The world’s largest marathons may attract 30, 40 or 50 thousand runners. The Los Angeles, Chicago, New York, Boston, Berlin and London marathons attract tens of thousands of runners each and every year. The runners have different abilities and backgrounds but all have a similar goal of finishing the race. If you had to pick a winner for an upcoming marathon where would you begin? Would you ask a friend? Would you get your advice from a cable TV commentator? Would you throw a dart? Would you subscribe to a service that specializes in picking the best marathon runners? How about looking at the entrants to identify the one that looked like the best runner? Can you review past race results to isolate the winner? It is not so easy to pinpoint the one winner.
In reality, only five or six runners in the field of thousands will have a legitimate chance of winning. Does this make your job of picking the winner any easier? The elite runners will leave the field behind after the first mile and the pack will never see them again. The elite runners will finish the marathon in a little over two hours. The field may average about four hours with the back of pack finishing in six, seven or eight hours and, as always, some runners will not finish.
The top five runners in the 2015 Boston Marathon finished the race in under two hours and eleven minutes. There were 26,598 finishers in this marathon and the average finish time was 3:46:28. 15,327 runners finished better than this time, 11,271 runners fared worse and 3,653 runners did not finish. Of the initial race entrants, about 50% finished better than average and 50% finished worse than average. With this data how is it possible to pick the top finishers each and every year?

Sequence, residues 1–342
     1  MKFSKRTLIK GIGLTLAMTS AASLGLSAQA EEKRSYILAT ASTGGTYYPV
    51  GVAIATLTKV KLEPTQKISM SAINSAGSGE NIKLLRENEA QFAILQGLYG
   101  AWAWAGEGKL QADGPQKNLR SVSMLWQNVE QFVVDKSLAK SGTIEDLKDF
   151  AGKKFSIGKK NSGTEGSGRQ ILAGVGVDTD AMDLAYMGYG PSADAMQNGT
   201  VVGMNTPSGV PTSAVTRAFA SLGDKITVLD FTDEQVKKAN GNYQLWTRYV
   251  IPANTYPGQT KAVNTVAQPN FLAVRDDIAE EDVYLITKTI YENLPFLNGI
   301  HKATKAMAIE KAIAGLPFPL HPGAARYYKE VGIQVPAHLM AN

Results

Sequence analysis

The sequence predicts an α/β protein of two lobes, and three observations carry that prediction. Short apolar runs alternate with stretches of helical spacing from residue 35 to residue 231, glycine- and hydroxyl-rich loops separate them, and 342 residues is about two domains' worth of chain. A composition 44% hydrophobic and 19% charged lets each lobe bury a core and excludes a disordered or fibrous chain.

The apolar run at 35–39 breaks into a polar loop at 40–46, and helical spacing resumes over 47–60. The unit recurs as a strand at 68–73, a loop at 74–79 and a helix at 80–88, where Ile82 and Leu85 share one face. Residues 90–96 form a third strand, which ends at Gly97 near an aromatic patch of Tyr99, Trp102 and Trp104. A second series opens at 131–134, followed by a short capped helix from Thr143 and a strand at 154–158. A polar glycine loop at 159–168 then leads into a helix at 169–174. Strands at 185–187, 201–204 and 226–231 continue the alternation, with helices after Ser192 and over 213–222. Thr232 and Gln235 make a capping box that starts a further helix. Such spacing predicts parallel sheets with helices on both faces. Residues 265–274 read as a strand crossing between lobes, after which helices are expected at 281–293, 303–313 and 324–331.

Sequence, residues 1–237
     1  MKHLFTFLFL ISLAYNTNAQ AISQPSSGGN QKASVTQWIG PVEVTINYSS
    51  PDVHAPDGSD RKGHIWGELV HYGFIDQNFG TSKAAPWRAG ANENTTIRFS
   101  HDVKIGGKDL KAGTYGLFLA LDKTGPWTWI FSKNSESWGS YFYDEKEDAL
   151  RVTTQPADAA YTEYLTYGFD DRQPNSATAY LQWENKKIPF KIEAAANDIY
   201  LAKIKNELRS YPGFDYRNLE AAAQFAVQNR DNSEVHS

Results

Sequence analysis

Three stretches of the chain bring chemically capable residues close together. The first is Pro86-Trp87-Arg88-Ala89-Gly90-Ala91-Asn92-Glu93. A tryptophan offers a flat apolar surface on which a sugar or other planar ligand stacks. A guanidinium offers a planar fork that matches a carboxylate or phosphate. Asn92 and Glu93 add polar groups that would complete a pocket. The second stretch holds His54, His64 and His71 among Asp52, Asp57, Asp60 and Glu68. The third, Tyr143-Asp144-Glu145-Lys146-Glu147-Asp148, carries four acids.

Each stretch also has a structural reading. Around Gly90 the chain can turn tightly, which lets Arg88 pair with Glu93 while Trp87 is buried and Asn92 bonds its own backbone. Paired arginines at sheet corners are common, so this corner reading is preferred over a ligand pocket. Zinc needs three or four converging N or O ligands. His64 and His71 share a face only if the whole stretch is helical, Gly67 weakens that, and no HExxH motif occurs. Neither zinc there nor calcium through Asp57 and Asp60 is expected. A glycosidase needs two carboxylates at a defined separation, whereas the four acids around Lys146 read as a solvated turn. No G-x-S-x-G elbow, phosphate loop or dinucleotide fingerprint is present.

According to the Morningstar data base, there are 21,015 stocks. Is it possible to pick the best five or six stocks every year from the tens of thousands that trade? Would you be able to pick the five best? Five worst? What if you happened to pick a stock that did not finish? In 2015, there were 1,074 companies that were up more than 95% and 626 companies that were down more than 95%.
What is the best way to stay in the race so that you finish your financial marathon? I say take the field. Again, the average time from last year’s Boston Marathon was 3:46. Ask any marathon runner if they would like to finish a marathon in 3:46, most would say yes. The ideal way to take the field when you invest is to own an index fund. An index fund will give you the greatest opportunity to make money for the long haul. An index will give the investor the best chance to win the financial race. The Vanguard S&P 500 Index fund has averaged 10.64% since August of 1976. A $100,000 investment in this fund in August of 1976 is now worth $5,440,000! I would guess that most investors would be happy with these results.
As a runner in a marathon, you are competing against professional athletes, finely tuned runners, weekend warriors and first time marathoners. A runner dedicated to training for a marathon will have an enjoyable experience. An individual that did little training, not so much.
Like a marathon runner, an individual that enters the investing arena will be competing against professionals, seasoned traders, hobbyists and first time investors. If you are not ready for the competition, it would be wise to hire a financial coach or advisor to help you reach your goals.
Is it worth your time to try and find the best five companies year in and year out? A better allocation of your time might be to identity your top five financial goals and make those dreams become reality.
Do you not know that in a race all the runners run, but only one gets the prize? Run in such a way as to get the prize. 1 Corinthians 9:24
Bill Parrott is the President and CEO of Parrott Wealth Management, LLC. www. Parrottwealth.com.
Sources: Marathonguide.com, Boston Athletic Association, baa.org, Morningstar.com